- data mirrored [RAID 1] (duplicate copies on separate drives)
- striped [RAID 0] (interleaved across several drives), or
- parity protected [RAID 5](extra data written to identify errors).
These can be used in combination to deliver the balance of performance
and reliability that the user requires.

Q. How is a SAN managed?


Ans: There are many management softwares used for managing SAN's to
name a few
Santricity
- IBM Tivoli Storage Manager.
- CA Unicenter.
- Veritas Volumemanger.

Q. Which one is the Default ID for SCSI HBA?


Ans: Generally the default ID for SCSI HBA is 7.
SCSI- Small Computer System Interface
HBA - Host Bus Adaptor
Q. What is the highest and lowest priority of SCSI?
Ans: There are 16 different IDs which can be assigned to SCSI device 7, 6, 5,
4, 3, 2, 1, 0, 15, 14, 13, 12, 11, 10, 9, 8.
Highest priority of SCSI is ID 7 and lowest ID is 8.

Q.what is SRDF ?
Ans: RDF (Symmetrix Remote Data Facility) is a family of EMC products that
facilitates the data replication from one Symmetrix storage array to another

through a Storage Area Network or IP network.SRDF logically pairs a device or


a group of devices from each array and replicates data from one to the other
synchronously or asynchronously. An established pair of devices can be split,
so that separate hosts can access the same data independently (maybe for
backup), and then resynchronized.
In synchronous mode (SRDF/S), the primary array waits until the secondary
array has acknowledged each write before the next write is accepted, ensuring
that the replicated copy of the data is always as current as the primary.
However, the latency due to propagation increases significantly with distance.
Asynchronous SRDF (SRDF/A) transfers changes to the secondary array in
units called delta sets, which are transferred at defined intervals. Although the
remote copy of the data will never be as
current as the primary copy, this
method can replicate data over considerable distances and with reduced
bandwidth requirements and minimal impact on host performance. Other forms
of SRDF exist to integrate with clustered environments and to manage multiple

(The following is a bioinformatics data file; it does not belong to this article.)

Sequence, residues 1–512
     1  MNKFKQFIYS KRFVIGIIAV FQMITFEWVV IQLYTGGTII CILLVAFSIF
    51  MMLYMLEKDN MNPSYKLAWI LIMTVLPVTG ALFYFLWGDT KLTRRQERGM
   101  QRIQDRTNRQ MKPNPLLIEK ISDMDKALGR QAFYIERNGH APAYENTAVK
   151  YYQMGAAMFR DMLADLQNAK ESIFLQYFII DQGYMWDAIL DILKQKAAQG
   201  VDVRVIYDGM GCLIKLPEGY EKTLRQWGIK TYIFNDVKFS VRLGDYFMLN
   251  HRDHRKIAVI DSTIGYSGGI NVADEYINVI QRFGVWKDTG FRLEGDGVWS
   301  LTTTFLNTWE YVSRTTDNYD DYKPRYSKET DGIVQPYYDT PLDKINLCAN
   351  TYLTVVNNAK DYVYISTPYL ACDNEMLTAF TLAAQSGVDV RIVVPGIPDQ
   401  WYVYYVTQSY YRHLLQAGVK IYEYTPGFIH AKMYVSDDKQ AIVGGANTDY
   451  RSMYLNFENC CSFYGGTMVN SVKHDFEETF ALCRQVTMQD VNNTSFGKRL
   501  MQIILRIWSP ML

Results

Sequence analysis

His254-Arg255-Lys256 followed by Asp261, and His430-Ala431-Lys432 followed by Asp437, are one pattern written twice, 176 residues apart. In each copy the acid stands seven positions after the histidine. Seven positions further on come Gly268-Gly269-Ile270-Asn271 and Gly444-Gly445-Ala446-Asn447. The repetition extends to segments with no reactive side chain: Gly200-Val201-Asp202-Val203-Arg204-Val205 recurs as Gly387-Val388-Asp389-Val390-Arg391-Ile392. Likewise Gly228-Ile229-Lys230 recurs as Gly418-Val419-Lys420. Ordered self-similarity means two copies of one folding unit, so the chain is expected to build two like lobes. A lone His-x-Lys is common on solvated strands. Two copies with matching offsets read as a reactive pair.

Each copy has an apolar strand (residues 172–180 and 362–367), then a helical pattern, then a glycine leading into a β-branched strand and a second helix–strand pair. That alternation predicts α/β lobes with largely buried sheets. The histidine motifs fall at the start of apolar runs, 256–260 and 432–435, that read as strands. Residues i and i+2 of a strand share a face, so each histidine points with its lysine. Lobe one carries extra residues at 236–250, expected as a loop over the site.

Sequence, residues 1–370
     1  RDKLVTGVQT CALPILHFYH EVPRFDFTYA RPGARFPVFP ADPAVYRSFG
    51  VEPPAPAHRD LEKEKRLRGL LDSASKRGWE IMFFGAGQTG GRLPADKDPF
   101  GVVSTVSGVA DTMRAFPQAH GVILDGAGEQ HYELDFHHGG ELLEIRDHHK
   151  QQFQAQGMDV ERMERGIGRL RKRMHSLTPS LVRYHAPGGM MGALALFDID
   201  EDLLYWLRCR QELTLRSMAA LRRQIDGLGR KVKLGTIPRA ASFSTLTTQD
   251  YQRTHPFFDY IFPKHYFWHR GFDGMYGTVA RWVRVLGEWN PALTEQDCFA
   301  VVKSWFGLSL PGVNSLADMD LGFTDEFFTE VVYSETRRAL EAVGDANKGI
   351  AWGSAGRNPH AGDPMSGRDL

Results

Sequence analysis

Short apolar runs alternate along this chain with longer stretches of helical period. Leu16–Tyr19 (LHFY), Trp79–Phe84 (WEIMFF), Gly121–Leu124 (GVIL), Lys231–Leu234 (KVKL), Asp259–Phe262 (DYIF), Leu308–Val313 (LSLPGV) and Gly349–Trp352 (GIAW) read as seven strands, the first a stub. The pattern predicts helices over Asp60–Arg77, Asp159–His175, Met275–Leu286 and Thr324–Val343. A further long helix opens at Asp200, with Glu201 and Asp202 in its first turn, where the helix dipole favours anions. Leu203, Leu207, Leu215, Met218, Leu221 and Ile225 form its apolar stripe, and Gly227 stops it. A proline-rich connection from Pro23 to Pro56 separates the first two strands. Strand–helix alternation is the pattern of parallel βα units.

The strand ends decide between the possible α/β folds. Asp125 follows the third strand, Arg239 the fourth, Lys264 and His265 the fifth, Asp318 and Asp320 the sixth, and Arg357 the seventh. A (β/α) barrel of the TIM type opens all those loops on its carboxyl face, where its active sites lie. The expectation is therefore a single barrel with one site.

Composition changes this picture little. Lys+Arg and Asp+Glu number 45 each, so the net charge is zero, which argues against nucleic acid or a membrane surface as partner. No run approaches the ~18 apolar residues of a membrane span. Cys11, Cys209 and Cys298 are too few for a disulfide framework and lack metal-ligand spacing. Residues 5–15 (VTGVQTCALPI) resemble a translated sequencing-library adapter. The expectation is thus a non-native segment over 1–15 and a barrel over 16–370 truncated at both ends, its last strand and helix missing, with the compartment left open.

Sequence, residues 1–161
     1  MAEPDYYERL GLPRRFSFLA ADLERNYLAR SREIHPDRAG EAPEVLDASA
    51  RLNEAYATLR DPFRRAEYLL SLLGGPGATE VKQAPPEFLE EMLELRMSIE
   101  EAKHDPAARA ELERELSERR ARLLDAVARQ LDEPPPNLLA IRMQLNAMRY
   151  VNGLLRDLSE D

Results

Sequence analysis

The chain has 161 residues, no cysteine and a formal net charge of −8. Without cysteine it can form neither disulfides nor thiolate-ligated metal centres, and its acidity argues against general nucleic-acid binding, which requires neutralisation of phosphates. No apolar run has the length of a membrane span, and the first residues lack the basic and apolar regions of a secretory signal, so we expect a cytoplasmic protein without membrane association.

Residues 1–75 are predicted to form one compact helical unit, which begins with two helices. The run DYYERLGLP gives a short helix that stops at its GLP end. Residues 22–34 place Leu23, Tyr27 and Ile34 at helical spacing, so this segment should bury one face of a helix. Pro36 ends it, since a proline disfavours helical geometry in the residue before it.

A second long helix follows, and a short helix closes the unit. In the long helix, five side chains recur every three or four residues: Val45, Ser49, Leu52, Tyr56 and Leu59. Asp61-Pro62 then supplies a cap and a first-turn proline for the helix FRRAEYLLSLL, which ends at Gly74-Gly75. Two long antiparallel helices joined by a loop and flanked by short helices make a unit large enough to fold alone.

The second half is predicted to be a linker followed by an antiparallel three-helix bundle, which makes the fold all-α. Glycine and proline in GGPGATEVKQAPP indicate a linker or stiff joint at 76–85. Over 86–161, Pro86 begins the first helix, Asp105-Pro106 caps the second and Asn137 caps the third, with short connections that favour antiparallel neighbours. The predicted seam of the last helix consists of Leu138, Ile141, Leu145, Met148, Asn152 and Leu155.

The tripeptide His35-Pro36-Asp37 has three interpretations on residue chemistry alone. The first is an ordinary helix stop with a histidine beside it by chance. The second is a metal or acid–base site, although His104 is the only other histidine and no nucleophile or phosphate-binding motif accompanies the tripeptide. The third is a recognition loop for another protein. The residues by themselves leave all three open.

SRDF pairs where replication of multiple devices must be consistent (such as
with the data files and log files of a database application).

Q. EMC control center 5.1


Ans: The EMC Control Center Web Console uses [Port : 10799] data stored in
the Repository to monitor your storage-attached network and
manageControlCenter alerts remotely through a Web browser
Q. What Is Emc Power path?
Ans: EMC PowerPath is a server-resident software solution that enhances
performance and information availability. It integrates multiple path I/O
capabilities, automatic load balancing, and path failover
functions into one
comprehensive package for use on open server platforms connected to
Symmetrix enterprise storage systems. PowerPath enables you to do more
work in a shorter time so you can serve
more customers, run more
applications, and exploit more business opportunities.
Q. Define RAID? Which one you feel is good choice?
Ans: RAID (Redundant array of Independent Disks) is a technology to achieve
redundancy with faster I/O. There are Many Levels of RAID to meet different
needs of the customer which are: R0, R1, R3, R4, R5,
R10, R6. Generally customer chooses R5 to achieve better redundancy and
speed and it is cost effective.

R0 Striped set without parity/[Non-Redundant Array].


Provides improved performance and additional storage but no fault tolerance.
Any disk failure destroys the array, which becomes more likely with more disks
in the array. A single disk failure destroys the entire array because when data
is written to a RAID 0 drive, the data is broken into fragments. The number of
fragments is dictated by the number of disks in the drive. The fragments are
written to their respective disks simultaneously on the same sector. This allows
smaller sections of the entire chunk of data to be read off the drive in parallel,
giving this type of arrangement huge bandwidth.
RAID 0 does not implement error checking so any error is unrecoverable. More